DailyPUMA's picture
Submitted by DailyPUMA on

The problem is if I outlive my parent, I still have to report to asset recovery within thirty days of the passing and I may have to go to court and produce paperwork about hardship.

I don't understand why hardship can't be established ahead of time as long as I document the hardship aspect. I think assisted living lobbyists are pressuring the states to not mess with assisted care living payments and so the in home caregiver becomes the deer in the headlights even though home caregivers save the state money.

Unless the plan is to force parents in assisted living KNOWING the elderly would never live as long in assisted living as they would at home.

So the scam may be, push the elderly into assisted living through medicaid, thereby making the home asset up for grabs. Keep the elderly person alive long enough to suck out all the wealth of the home, then if something bad happens to the elderly, the assisted living facility can't be sued.

Alexa's picture
Submitted by Alexa on

blurb from a Pennsylvania (even if you don't reside there) elder law attorney, since he addresses federal statute.

The federal statute provides that a parent may transfer their primary residence to a child without causing an ineligibility period if the following is true: 1) That child resided in the property for at least two years prior to the parent entering a nursing care facility. 2) The child provided care for that parent that kept the parent out of the nursing home for at least the two years prior to entering the nursing home.

Legal Documentation: It is very important that proper documentation be made if this asset protection technique is used. The child to whom the gift will ultimately be made, should keep a log or journal that sets forth specific instances or events that but for the child’s care might have resulted in the parent’s institutionalization. These notations should include aspects of a parent’s behavior that would have necessitated full time nursing care. These might include gas or electric burners not being shut off, water left running in the tub or sink, or the parent wandering outside without being properly clothed and in a way that may be dangerous or medically harmful to him or her. . . .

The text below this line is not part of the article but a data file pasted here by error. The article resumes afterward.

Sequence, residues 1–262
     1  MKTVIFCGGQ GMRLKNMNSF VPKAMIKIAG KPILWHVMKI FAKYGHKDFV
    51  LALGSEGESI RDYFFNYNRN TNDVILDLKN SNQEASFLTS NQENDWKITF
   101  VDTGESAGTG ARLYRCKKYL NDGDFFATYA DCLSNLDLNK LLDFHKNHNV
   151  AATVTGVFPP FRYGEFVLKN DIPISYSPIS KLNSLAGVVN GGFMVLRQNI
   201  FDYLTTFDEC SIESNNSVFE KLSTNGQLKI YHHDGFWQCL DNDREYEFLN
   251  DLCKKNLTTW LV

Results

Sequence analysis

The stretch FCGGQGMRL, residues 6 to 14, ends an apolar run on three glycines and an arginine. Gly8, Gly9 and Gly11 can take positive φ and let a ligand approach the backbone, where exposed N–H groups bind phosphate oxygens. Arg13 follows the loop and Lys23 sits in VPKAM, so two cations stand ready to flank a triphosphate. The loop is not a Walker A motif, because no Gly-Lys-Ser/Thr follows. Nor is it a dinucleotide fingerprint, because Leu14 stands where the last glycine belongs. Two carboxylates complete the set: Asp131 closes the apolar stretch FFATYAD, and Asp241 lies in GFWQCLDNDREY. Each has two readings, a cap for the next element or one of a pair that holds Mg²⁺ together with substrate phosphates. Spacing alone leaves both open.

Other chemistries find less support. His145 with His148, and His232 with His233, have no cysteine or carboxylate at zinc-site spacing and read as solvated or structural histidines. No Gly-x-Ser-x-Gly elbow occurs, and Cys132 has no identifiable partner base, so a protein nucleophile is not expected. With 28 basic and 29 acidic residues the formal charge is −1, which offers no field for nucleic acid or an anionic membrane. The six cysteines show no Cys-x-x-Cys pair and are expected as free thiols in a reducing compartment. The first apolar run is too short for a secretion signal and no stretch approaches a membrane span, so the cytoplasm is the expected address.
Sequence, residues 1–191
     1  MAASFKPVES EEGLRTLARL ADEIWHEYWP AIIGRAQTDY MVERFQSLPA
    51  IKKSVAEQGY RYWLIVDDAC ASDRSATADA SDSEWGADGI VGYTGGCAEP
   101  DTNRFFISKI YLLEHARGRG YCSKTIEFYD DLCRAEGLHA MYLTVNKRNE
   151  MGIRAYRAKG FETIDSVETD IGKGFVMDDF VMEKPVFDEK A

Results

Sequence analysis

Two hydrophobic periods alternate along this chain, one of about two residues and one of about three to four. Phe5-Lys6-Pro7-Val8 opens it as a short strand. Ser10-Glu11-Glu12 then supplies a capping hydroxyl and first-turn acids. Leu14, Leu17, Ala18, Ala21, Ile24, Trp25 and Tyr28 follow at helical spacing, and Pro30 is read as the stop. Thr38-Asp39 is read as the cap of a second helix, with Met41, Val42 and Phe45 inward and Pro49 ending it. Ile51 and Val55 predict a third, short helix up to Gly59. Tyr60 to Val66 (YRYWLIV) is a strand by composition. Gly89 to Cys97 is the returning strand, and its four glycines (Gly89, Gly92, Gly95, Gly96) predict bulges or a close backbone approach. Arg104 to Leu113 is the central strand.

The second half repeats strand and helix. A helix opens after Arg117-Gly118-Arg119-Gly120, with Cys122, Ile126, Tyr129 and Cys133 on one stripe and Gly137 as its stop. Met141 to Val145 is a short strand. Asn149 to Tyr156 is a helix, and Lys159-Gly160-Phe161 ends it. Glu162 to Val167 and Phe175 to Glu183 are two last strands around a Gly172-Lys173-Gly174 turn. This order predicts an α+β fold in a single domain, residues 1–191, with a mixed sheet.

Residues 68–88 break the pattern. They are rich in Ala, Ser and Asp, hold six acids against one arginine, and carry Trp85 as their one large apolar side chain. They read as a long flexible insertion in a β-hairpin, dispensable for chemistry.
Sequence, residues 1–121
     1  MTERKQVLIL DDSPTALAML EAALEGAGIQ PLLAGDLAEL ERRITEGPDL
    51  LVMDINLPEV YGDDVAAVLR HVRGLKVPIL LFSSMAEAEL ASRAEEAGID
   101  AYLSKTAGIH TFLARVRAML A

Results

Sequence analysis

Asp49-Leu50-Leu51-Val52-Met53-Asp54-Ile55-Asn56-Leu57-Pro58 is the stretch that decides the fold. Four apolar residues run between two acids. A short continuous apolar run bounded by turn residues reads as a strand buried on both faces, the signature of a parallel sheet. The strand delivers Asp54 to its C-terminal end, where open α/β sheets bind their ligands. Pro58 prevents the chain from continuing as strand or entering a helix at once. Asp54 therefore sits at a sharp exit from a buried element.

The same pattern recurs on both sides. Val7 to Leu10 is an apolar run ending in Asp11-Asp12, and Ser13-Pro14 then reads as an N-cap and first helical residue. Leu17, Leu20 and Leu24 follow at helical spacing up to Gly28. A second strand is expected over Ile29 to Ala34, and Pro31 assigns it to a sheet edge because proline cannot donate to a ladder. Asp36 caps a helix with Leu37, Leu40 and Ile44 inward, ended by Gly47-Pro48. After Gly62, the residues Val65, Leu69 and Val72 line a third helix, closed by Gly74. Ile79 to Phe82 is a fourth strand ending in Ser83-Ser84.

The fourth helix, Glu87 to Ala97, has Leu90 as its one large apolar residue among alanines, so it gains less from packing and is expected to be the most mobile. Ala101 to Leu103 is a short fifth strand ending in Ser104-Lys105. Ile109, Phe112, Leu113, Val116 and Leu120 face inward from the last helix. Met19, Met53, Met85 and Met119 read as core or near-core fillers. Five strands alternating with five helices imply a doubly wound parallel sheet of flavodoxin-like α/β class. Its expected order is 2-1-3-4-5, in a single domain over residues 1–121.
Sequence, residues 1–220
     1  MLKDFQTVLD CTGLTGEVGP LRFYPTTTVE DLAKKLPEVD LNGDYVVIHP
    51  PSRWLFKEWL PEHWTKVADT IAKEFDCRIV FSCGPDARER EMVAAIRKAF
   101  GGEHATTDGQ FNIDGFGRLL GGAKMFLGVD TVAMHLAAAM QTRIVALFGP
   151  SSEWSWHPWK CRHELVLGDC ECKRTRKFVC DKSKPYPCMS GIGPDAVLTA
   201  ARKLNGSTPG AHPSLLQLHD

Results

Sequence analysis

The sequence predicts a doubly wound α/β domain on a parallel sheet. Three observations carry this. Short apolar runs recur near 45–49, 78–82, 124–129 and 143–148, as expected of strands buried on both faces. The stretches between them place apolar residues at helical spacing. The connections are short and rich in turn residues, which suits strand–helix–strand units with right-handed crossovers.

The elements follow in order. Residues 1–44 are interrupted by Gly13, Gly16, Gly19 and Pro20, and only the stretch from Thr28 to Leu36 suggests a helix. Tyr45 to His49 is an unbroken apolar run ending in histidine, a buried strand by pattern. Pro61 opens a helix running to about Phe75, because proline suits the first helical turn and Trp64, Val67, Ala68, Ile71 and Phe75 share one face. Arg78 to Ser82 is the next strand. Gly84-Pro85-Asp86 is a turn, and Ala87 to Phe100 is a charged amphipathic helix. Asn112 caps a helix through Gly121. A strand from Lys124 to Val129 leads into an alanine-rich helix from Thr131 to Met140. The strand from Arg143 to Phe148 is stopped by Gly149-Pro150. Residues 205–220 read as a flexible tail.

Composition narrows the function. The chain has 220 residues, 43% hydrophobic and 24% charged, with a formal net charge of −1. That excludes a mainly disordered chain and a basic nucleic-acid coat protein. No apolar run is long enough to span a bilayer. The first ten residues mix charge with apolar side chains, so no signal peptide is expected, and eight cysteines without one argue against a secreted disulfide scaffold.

Here's the link:

SPECIAL CAREGIVER EXCEPTIONTO SAVE THE HOME FROM NURSING CARE SPEND DOWN

I would also make sure that "Assisted Living Facilities" even come under this category.

There are many seniors who are able to even run around town with "escorts" from Assisted Living Facilities, because this group of residents are usually not in the same category (at all) as a resident of an actual "nursing home."

That is true in many states, anyway. Sometimes couples reside in them partly to be a part of "a community."

And to my knowledge, Medicaid does NOT pay for this type of facility--or at least not in some states.

The only people I know who've lived in these were relatively well-heeled, and paid the costs of the facility from their own resources.

One was a neighbor who was relatively well off, her only child had passed very prematurely, and she was widowed. She had a relatively minor heart condition and had a "knee-replacement" surgery. Otherwise, she was in decent health, and definitely sharp as a tack, mentally.

Of course, she went into the facility BEFORE the ACA was law.

So what applied to her, may or may not apply to someone, today.

Alexa's picture
Submitted by Alexa on

— The State should notify Medicaid recipients about the estate recovery program during their initial application for Medicaid eligibility and annual re-determination process.